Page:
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Asia Minute: Busy Diplomatic Week in Northeast Asia

Wang Zhao/Pool Photo via AP
China's Premier Li Keqiang, center, speaks as South Korean President Moon Jae-in, left, and Japanese Prime Minister Shinzo Abe, right, look on, at a joint press conference during their trilateral leaders' meeting in Chengdu.

For most Americans, this is a slower than usual week at work. But in the world of diplomacy, this is a busy time — especially in northeast Asia, where the heads of government of Japan, South Korea and China are all meeting this week.

Japanese Prime Minister Shinzo Abe and South Korean President Moon Jae-in have spoken for about ten minutes over the last 15 months. That was on the sidelines of last month’s Association of Southeast Asian Nations meeting.

The talks are taking place in Chengdu – in China’s southwest. Both leaders are there for a tri-lateral meeting that includes Chinese Premier Li Keqiang. Abe and Moon have already stopped in Beijing on this trip – meeting separately with Chinese President Xi Jinping.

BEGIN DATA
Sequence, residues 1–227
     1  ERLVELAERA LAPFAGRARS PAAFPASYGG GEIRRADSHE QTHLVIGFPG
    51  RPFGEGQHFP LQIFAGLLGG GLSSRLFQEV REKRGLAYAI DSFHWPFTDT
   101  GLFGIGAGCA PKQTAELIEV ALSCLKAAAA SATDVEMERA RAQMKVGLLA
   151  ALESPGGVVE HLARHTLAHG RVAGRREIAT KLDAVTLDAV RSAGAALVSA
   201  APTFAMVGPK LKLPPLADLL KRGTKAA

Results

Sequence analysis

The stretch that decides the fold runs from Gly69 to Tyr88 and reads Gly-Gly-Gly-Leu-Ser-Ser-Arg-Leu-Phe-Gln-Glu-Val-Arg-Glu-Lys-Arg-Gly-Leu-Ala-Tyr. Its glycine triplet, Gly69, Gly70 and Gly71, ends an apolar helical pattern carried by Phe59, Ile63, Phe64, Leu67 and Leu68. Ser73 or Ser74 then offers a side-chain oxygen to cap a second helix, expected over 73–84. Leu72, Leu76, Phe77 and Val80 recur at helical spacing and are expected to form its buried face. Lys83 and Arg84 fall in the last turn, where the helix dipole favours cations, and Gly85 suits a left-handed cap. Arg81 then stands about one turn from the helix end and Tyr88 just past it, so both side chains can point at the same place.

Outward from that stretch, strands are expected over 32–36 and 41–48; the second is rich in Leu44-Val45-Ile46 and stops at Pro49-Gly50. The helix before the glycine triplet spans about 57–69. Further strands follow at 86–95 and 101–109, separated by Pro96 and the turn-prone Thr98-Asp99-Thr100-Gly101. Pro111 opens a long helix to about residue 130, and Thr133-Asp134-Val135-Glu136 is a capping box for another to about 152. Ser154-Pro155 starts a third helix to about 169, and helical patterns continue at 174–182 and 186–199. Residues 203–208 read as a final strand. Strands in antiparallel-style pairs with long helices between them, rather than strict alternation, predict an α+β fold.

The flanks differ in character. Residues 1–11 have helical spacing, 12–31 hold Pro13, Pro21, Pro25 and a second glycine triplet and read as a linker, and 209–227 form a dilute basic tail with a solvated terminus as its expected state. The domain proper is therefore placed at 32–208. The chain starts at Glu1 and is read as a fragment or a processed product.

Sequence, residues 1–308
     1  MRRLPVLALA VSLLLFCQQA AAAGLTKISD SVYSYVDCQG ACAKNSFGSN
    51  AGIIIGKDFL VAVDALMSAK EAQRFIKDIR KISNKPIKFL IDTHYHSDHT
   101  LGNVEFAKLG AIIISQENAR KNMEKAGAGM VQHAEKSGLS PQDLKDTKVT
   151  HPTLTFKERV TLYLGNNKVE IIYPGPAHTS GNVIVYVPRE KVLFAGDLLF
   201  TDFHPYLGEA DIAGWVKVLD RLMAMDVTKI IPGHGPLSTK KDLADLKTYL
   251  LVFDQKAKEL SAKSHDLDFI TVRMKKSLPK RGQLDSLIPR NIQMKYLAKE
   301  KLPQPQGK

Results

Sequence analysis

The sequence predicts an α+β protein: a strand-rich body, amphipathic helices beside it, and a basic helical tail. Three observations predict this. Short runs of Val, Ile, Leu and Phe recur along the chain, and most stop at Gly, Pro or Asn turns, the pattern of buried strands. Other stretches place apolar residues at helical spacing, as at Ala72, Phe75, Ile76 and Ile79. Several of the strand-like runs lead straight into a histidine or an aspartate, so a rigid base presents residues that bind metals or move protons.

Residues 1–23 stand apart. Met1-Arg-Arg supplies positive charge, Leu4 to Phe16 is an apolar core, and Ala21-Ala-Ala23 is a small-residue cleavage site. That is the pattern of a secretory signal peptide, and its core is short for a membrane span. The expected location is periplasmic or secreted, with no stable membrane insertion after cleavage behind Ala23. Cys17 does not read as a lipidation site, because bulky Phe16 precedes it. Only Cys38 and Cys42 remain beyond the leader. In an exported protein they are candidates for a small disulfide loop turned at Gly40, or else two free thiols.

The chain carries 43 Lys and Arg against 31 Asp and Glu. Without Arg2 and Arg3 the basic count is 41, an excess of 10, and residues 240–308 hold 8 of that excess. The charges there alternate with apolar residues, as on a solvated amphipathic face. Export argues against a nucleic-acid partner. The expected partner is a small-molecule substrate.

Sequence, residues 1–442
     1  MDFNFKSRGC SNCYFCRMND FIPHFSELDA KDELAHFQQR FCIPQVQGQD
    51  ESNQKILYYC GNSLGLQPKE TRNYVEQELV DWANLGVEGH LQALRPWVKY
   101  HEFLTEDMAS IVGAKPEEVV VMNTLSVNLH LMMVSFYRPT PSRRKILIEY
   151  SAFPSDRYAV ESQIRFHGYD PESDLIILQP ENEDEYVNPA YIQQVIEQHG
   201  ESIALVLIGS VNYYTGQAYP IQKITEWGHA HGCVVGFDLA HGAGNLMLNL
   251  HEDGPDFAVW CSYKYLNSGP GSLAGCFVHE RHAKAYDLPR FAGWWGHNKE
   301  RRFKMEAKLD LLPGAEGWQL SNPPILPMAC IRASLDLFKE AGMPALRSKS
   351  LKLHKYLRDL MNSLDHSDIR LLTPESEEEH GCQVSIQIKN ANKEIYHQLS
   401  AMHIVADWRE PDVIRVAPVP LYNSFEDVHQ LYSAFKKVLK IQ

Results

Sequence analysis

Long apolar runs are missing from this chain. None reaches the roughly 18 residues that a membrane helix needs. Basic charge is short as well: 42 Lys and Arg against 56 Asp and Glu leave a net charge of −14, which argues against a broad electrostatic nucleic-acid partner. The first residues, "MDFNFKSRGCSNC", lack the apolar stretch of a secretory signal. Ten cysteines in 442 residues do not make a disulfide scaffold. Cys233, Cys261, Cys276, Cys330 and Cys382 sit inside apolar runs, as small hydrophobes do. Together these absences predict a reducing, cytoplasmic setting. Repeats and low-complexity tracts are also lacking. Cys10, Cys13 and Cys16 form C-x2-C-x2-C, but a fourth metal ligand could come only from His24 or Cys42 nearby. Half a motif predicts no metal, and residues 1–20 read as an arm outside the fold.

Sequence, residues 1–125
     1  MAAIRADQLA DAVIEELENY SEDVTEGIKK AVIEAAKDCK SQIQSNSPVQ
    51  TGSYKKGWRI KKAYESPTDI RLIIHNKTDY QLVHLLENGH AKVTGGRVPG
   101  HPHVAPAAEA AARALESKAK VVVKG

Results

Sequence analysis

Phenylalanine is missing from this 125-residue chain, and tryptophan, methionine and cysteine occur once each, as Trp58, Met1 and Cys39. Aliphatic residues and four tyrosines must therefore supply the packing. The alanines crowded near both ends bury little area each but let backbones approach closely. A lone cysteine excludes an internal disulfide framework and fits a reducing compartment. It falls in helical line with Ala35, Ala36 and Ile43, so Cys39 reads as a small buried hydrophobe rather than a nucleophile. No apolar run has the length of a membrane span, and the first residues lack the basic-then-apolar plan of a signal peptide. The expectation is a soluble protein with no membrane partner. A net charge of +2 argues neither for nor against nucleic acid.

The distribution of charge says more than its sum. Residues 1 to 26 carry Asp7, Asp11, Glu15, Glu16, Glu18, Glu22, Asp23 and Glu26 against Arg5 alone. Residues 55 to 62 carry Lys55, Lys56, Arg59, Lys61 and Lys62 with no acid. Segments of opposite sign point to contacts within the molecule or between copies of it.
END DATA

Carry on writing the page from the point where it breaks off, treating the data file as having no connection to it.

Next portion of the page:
According to China’s official Xinhua news agency, Xi told Abe that Japan and China should not see each other as a threat, and should continue close communication.

When President Moon met with Xi, the focus was on North Korea — stressing the importance of the Beijing government in relations with Pyonyang.

Relations between Japan and South Korea are at their lowest in decades. A dispute over wartime forced labor has escalated to include issues of trade and security. The timing of the three-way meeting puts China in the unusual position of playing a diplomatic role between the two closest U.S. allies in Asia.

China has other interests, of course, near the top of its current agenda is drafting a free trade agreement that would include Japan and South Korea, but not the United States.

Bill Dorman has been the news director at Hawaiʻi Public Radio since 2011.
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